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Top 5 Historic Pubs in London, UK

Monday, June 28th, 2010

If there’s anything more an iconic symbol for London than Big Ben or the London Eye, then it must be the traditional English pub and London is full of them, dating from pre-Victorian times to just about five minutes ago.  However, with a city rich in history and as changeable as fashion on Oxford Street, let’s stick with five of the most historic pubs in London:

London Historical Pub

Ten Bells

Probably the most famous and/or infamous on the list, depending on your whims.  There’s been a pub on this corner of Commercial Street in Spitalfields since 1752 but it was rebuilt in the Victorian Era.  This is the very pub where Jack the Ripper was said to haunt in the fall of 1888 and any modern day Ripper tour worth its salt will make a stop here.  Mary Kelly, probably the most known Ripper victim, was the hooker who staked her claim at the Ten Bells.  Woe on anyone who tried to stomp on Mary’s turf.

Ye Olde Chesire Cheese

Is a public house right in the City of London proper and it’s about as historical and famous a pub as there can be.  This is the stuff of Dickensian legend.  There’s been a pub on this site of Fleet Street since the days of Henry VIII but today’s building was rebuilt after the Great Fire of London in 1666.  It’s dank and gloomy and oh, so dark, which adds to the character of the place, quite literally – since it’s mentioned in the Charles Dickens classic, “A Tale of Two Cities.”

The Lamb and Flag

At over 300 years old, it is said to be the oldest pub in historic Covent Garden.  Today it attracts mostly tourists but then again, so does everything else in the colorful market area.

The Spaniards Inn

No trip to London would be complete without a brief “ride to the country” within the city – Hampstead Heath, where you’ll find The Spaniards Inn.  It has been on this site since the mid-16th century and was frequented by the likes of highway robberman Dick Turpin, as well as a host of literary notables such as Lord Byron, John Keats and yes, Charles Dickens.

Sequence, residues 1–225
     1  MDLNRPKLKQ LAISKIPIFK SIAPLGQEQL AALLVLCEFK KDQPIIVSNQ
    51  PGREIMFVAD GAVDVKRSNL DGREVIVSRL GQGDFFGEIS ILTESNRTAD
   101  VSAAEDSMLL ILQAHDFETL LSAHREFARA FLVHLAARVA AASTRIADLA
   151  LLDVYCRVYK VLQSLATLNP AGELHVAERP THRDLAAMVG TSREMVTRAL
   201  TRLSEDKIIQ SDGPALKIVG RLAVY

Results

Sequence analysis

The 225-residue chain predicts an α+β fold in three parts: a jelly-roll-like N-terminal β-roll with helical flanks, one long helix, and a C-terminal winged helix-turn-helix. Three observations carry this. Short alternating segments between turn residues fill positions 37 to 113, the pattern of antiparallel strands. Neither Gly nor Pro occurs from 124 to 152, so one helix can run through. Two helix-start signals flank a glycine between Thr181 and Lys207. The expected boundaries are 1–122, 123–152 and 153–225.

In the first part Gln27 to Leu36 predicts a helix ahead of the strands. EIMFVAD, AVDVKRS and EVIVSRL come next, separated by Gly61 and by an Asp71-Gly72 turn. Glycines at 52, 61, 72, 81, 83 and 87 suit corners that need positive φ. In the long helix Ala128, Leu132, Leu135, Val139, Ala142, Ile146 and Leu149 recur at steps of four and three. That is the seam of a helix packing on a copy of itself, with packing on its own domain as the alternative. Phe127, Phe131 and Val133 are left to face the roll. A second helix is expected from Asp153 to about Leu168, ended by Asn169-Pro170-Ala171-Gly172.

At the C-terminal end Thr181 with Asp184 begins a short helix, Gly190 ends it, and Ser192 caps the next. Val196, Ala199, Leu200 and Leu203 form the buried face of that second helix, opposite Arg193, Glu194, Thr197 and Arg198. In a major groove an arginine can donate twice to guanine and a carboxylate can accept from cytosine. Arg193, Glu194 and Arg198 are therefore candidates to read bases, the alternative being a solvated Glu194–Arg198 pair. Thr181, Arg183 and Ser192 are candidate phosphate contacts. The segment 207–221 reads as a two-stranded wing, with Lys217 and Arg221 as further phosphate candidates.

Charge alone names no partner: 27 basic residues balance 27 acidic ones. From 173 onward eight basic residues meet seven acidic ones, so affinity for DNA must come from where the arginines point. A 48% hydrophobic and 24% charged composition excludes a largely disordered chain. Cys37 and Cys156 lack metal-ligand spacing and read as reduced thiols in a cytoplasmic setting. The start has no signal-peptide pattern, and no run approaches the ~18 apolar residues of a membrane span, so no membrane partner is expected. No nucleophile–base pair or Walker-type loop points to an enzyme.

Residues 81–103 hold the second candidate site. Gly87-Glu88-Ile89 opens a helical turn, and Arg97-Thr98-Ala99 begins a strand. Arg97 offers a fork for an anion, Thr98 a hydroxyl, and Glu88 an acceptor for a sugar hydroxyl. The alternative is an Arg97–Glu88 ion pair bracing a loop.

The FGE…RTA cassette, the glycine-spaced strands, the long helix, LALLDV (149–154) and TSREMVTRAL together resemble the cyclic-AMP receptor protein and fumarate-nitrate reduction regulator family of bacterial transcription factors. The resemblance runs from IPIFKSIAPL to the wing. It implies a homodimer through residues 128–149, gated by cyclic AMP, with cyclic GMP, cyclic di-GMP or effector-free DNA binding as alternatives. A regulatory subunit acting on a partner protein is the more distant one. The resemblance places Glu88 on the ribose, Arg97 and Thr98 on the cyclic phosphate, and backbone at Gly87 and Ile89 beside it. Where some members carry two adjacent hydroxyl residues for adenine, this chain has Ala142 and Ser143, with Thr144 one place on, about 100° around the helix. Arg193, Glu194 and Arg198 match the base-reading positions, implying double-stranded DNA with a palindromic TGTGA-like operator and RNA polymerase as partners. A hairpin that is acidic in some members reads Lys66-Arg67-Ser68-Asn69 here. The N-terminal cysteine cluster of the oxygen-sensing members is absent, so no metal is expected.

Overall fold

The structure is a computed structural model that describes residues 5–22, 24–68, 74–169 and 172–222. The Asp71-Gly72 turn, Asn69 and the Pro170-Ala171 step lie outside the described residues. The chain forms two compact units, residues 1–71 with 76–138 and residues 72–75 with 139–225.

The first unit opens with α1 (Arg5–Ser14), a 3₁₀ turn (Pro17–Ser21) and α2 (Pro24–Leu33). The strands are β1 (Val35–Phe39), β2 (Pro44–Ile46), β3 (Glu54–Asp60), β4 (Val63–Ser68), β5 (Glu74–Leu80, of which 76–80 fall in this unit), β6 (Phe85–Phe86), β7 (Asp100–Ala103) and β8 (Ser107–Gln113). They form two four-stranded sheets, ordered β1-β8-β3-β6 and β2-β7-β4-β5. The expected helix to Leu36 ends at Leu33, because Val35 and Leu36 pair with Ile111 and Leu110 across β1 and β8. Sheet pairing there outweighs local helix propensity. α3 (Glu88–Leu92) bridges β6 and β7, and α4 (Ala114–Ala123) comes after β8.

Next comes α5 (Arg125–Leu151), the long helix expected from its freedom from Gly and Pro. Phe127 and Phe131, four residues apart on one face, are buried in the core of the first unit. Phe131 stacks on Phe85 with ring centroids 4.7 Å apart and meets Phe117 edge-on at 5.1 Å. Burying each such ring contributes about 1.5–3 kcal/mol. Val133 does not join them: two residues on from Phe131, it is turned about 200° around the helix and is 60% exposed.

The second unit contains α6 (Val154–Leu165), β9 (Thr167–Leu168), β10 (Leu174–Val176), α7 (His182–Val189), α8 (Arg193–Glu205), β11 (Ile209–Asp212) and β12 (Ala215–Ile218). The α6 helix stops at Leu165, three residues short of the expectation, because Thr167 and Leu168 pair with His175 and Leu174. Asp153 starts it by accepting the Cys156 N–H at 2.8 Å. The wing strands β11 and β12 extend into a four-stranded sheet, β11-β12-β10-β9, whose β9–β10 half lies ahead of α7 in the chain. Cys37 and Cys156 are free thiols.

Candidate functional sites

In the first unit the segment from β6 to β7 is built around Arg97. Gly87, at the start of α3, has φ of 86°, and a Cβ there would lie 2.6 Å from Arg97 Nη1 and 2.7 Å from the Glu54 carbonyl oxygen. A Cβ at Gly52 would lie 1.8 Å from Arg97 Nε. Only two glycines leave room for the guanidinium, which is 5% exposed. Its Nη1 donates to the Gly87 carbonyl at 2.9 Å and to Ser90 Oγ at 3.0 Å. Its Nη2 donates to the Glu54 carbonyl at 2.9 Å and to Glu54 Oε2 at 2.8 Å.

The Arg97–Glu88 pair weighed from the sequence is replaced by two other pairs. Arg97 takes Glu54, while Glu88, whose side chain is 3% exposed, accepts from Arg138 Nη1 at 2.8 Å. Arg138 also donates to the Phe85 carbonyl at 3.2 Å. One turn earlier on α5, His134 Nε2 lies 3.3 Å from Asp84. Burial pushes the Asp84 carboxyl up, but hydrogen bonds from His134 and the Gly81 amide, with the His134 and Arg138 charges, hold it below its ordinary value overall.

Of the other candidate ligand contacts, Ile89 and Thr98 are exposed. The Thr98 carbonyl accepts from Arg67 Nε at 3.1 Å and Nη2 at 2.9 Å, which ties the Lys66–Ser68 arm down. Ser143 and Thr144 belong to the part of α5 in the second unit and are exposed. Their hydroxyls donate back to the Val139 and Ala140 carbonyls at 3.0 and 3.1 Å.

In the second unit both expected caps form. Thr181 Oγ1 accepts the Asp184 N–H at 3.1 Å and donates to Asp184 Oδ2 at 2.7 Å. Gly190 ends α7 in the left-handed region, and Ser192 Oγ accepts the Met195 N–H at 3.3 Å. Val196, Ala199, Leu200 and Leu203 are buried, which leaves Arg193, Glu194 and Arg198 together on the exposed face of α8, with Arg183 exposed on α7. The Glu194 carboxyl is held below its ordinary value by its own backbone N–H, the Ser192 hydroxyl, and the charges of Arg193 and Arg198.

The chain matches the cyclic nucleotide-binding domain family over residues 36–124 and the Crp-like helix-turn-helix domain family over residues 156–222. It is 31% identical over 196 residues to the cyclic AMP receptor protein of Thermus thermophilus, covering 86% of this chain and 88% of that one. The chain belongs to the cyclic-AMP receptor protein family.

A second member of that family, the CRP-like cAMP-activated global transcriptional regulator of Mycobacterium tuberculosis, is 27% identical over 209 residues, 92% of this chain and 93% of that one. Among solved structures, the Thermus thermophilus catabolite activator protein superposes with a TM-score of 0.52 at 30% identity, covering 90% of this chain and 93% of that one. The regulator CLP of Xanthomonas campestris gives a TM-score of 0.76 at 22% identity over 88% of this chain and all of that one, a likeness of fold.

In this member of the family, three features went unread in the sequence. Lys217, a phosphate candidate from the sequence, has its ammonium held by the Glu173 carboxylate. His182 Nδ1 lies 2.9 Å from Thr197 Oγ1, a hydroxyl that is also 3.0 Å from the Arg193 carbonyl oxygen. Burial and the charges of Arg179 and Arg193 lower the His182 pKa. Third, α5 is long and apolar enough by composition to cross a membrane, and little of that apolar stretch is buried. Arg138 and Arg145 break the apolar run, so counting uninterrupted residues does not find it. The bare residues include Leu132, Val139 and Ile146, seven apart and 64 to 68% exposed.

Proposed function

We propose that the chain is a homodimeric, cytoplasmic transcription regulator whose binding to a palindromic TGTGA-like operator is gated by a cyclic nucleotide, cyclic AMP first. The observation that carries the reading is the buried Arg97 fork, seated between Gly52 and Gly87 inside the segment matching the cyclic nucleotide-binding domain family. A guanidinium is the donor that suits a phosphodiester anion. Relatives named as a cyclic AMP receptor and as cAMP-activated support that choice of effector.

St. Stephen’s Tavern

This is the public house directly opposite Big Ben, and as such, you are just as liable to grab a pint with a journalist covering Parliament as you are with a wandering tourist.  The location is fantastic and the crowd is always vibrant.  It’s young by London standards, only dating back to 1873, but this is where former British Prime Minister Disraeli would hang out in the basement, where the St. Stephen’s Gentlemen’s Club was borne.

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Photo by genvessel.

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About the author

Venere Travel Blog writer lisa fantino

Lisa Fantino is an award-winning journalist-turned attorney and nearly fanatical vagabond. Her passport is always at the ready!

7 responses to “Top 5 Historic Pubs in London, UK”

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  1. Luis Goncalves says via Facebook:
    June 28th, 2010 at 19:26

    All clients from Venere arriving on July 1st 2010 to casa Joao Chagas, will have a free Port Wine and a Queijinho do Ceu at the O Cafe da Praça.

  2. Cristina Serban says via Facebook:
    June 28th, 2010 at 19:30

    Indeed…the traditional English pubs are great! :D

  3. Lisa Fantino says via Facebook:
    June 28th, 2010 at 20:58

    Grazie tutti and come visit over at Wanderlust Women on FB.!/Wanderlust.Women.Travel?ref=ts

  4. Bruce Erickson says via Facebook:
    June 29th, 2010 at 03:34

    Been to some of these. Guess I’ll need to go back

  5. Holiday Cottages Mid Wales says:
    September 17th, 2010 at 20:02

    Great post and I love London. Actually, I am new here at this blogs and really enjoy this informative post too much and I would like to know more about historical places of UK.

  6. villa estartit says:
    January 20th, 2011 at 11:14

    Thanks for sharing this post it will helps me to see that places…… whenever i visit over there…..

  7. 2012 olympic mascots wiki says:
    January 27th, 2012 at 20:53

    Awsome website! I am loving it!! Will be back later to read some more. I am bookmarking your feeds also.

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